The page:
I just noticed that I made a mistake... Actually there are two First-chance exceptions occuring in my application. First time it happens before the dialog pops up, which has the disassembly and call stack information as I posted. Second time it happens when I click on a different tab, its disassembly and call stack are as follows:

     

     

    void AFXAPI AfxHookWindowCreate(CWnd* pWnd)

    {

    7C3403A0 push ebp

    7C3403A1 mov ebp,esp

    7C3403A3 push ecx

    _AFX_THREAD_STATE* pThreadState = _afxThreadState.GetData();

    7C3403A4 mov ecx,offset _afxThreadState (7C43CED0h)

    7C3403A9 call CThreadLocal<_AFX_THREAD_STATE>::GetData (7C3B04C0h)

    7C3403AE mov dword ptr [pThreadState],eax    <== break point

    if (pThreadState->m_pWndInit == pWnd)

    7C3403B1 mov eax,dword ptr [pThreadState]

    7C3403B4 mov ecx,dword ptr [eax+14h]

    7C3403B7 cmp ecx,dword ptr [pWnd]

    7C3403BA jne AfxHookWindowCreate+21h (7C3403C1h)

     

      comctl32.dll!5d0c3216()  
      user32.dll!77d4d4de()  
    > mfc71ud.dll!AfxHookWindowCreate(CWnd * pWnd=0x004350e8)  Line 613 + 0xa C++
      comctl32.dll!5d0c352d()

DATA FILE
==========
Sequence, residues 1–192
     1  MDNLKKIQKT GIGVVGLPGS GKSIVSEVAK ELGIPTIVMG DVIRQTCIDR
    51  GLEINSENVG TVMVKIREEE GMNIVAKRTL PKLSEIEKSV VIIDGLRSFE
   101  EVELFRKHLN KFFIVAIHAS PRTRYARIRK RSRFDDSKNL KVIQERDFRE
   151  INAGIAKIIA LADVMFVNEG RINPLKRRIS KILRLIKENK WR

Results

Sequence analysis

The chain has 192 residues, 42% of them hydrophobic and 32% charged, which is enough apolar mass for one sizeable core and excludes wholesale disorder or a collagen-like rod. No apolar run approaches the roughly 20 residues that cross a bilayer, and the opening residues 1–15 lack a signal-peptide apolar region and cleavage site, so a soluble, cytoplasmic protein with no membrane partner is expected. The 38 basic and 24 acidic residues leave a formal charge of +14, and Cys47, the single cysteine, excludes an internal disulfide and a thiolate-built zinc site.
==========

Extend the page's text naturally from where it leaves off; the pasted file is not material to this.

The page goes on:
user32.dll!77d4d4de()  
      comctl32.dll!5d0c3618()  
      comctl32.dll!5d0c597f()  

     

    I tried both the microsoft or my local symbols server, the results are the same.

    Thursday, March 27, 2008 5:34 PM
  • Thanks for responding. Yes, the exceptions seem to be the only problem with my application. Otherwise it runs fine. I just wonder if the exceptions are the one mentioned in MSDN notes as I put in the initial post. If not, what caused them.

     

     

     Simple Samples wrote:

    First-chance exceptions are usually normal. If that is the only indication of a problem and if everything else is working then just ignore First-chance exceptions.

     

    Sometimes it is easier for Microsoft to allow First-chance exceptions to occur and then the runtime code deals with the event. It is often a relatively normal occurance happening.

    Thursday, March 27, 2008 8:28 PM